This great city offers The Freedom Trail, frappes, and more.

Fun Things To Do

1. LIBERTY WALK Follow the red brick road on The Freedom Trail, a 2.5-mile distinctive red line in the sidewalk that winds along 16 historic sites (617-357-8300), including the Old North Church and Paul Revere's home. Try a leg of it on your own with a Freedom Trail kids' guidebook ($6.95 at the Boston Common Visitor Center at the start of the trail), or check out Boston by Little Feet, which tailors its tours to children ages 6 to 12 (617-367-2345). Visitors with little legs might also like a ride on a Boston Duck Tour. Quack at passers-by -- and don't be surprised if even the most proper Bostonians quack back -- as you navigate the city by land and water in a refurbished WWII amphibious vehicle (617-267-DUCK).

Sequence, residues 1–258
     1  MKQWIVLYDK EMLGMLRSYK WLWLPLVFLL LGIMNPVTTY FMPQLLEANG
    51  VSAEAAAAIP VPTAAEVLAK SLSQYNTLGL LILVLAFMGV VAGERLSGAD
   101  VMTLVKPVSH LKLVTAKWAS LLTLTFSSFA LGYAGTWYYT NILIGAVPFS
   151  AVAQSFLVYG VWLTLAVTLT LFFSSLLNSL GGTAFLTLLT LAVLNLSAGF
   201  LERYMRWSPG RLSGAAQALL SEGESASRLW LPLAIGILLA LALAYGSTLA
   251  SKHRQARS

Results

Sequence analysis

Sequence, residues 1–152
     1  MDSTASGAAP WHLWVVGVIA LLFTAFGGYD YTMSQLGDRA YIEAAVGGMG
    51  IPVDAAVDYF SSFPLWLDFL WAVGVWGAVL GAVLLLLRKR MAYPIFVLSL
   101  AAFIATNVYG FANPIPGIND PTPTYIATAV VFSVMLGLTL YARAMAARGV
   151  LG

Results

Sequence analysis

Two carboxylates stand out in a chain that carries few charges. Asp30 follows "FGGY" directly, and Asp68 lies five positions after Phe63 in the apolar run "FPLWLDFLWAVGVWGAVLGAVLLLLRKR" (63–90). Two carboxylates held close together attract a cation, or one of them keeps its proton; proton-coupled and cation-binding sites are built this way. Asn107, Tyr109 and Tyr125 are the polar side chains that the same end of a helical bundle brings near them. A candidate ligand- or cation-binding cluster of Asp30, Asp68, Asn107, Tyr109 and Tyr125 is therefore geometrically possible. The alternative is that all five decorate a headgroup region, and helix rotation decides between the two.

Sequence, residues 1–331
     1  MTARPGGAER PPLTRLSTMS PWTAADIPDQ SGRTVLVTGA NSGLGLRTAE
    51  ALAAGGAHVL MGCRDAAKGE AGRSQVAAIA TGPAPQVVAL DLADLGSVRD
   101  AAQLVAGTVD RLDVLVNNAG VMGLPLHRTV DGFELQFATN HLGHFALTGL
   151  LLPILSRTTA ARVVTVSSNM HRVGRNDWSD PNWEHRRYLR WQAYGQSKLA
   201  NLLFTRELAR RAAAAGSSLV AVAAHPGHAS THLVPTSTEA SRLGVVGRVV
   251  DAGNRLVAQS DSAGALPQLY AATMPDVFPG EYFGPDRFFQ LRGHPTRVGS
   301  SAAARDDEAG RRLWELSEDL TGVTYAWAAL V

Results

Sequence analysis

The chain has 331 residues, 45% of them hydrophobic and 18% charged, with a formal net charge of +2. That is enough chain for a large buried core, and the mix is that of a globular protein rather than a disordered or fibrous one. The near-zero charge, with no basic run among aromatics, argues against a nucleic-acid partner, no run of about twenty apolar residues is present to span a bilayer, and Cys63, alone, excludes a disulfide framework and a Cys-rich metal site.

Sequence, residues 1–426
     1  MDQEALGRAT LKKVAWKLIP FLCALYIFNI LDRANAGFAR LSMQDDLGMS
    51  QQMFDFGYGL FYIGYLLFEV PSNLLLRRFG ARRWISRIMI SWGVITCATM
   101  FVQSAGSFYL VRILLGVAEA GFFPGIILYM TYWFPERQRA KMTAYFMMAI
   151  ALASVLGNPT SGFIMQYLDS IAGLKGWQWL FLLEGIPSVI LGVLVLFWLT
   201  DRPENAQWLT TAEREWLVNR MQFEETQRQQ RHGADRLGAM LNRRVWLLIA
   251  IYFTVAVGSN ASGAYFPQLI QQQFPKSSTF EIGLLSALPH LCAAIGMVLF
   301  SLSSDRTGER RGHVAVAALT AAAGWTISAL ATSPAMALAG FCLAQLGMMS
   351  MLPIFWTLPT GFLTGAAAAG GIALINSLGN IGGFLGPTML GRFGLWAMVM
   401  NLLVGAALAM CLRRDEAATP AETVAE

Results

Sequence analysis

2. BEST MUSEUMS Create a virtual fish and see the 3-D film Bugs! at the Museum of Science, Boston (617-723-2500), or whip up a roomful of bubbles at the Children's Museum on Congress Street (617-426-8855), which features a climbing wall and a new interactive exhibit that teaches kids about the city's multicultural neighborhoods. The Museum of Fine Arts in the lively Fenway cultural district offers a Children's Room for ages 6 to 12 with weekly workshops and Family Activity Books to help plan self-guided tours (617-267-9300).